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Old 06-19-2013, 08:19 PM   #1
spenghali
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This beer's original plan was to be a big brett strong ale with fruit, but I called an audible a few weeks before and decided to attempt a strong sour. I threw everything I had at it, a few different strains of sacch, all the brett strains, 20+ commercial dregs starter, a fresh pack of pedio, and a lot of time. I am mostly relying on there being some alcohol tolerant bacteria in the commercial dregs somewhere. OG: 1.111, down to 1.020 two weeks later, i'm hoping to hit 1.010 at least, wish me luck, full details on blog.

 
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Old 06-20-2013, 10:50 AM   #2
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Did you throw the pedio in before everything else? That would have been some insurance for sourness before the yeast got a shot.
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Old 06-20-2013, 08:13 PM   #3
spenghali
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I had thought of pitching the pedio solo before everything else, but was worried about inviting other infections into such a high gravity, low IBU environment.

 
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Old 06-21-2013, 02:22 PM   #4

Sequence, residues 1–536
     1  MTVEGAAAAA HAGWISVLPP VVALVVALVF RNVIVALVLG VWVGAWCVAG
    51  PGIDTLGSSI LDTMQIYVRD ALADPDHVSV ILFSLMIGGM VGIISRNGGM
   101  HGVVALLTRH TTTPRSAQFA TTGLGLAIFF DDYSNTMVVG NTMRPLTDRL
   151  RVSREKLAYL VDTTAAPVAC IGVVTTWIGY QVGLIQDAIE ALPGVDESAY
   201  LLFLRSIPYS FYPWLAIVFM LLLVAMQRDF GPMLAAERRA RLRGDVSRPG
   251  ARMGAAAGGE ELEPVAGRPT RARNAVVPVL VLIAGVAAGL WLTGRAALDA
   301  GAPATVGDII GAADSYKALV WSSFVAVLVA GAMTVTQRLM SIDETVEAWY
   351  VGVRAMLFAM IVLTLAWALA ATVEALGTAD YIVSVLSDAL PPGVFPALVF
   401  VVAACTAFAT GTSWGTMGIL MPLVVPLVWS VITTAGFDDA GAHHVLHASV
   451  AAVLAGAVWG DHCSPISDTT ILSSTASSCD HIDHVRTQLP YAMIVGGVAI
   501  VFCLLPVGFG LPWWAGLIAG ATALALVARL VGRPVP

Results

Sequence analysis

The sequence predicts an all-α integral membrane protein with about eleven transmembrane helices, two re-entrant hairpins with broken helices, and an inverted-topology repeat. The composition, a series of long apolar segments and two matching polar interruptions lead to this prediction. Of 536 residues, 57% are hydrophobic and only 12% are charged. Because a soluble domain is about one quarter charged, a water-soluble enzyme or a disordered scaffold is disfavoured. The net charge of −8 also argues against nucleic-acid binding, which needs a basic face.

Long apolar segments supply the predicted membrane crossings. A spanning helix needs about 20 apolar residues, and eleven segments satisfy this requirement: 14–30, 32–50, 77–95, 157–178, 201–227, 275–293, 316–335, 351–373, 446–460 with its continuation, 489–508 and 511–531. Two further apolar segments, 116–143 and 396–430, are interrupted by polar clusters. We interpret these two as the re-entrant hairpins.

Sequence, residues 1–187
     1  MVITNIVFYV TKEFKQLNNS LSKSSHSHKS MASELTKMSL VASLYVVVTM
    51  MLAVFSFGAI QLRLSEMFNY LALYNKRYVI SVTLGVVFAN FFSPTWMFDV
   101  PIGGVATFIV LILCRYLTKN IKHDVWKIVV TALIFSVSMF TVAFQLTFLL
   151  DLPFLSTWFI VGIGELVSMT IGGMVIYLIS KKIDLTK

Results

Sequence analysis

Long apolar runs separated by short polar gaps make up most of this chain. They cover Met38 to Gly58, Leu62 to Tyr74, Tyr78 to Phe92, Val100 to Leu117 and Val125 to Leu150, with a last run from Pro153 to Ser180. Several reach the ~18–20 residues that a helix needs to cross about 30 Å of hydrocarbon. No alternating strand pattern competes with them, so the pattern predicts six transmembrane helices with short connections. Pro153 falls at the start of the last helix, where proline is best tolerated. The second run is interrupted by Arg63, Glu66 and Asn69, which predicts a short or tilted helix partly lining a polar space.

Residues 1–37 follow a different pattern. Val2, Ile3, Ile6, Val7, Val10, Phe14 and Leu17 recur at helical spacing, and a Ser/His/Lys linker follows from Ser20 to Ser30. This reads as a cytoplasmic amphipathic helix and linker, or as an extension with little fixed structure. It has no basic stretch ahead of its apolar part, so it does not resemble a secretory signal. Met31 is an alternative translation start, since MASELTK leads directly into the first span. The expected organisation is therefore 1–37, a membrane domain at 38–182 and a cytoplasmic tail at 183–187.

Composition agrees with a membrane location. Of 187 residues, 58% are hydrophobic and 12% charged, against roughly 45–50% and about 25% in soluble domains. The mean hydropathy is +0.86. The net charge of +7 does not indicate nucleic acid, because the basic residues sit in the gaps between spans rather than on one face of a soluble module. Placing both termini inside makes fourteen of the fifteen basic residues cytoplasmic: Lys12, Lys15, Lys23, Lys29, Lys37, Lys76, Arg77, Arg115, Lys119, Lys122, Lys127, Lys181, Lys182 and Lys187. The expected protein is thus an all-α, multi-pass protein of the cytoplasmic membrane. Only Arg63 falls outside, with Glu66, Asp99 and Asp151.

BryanThompson
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I have a three month old imperial flanders red(OG 1.111) that I started with just lacto for three days then I added Roeselare and dregs. When I get home from work tonight I will take a sample and gravity reading.
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Old 06-22-2013, 08:19 AM   #5
spenghali
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I wonder how the lacto handled that. I'm wondering what the OG ceiling is for some of the bacteria. Even a high enough sugar concentration can make a product shelf stable, similar to alcohol.

 
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Old 06-22-2013, 01:47 PM   #6
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It's a function of osmotic pressure. This is why packaged food is often very sugar, very salty, or very dry. The bacteria need water and if the ionic concentration of anything is greater than they can balance it causes the cells to either shrivel up or burst. If I can remember it's called water activity. It's a very big deal with fermented and dry cured sausages.

In most cases lactic acid bacteria have an alcohol tolerance around 8% with some probably having wiggle room. They can probably be slowly exposed to higher and higher concentrations giving them increased tolerance but that might take a few months.
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Old 06-22-2013, 05:16 PM   #7
spenghali
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Water activity is the amount of water present that is available to microorganisms. So I guess what you said is correct, if the ion concentration of anything is high enough, the water activity is going to be very low and the bacteria will not survive.

I'm really curious what the threshold would be for lacto or pedio versus sacch or brett.

 
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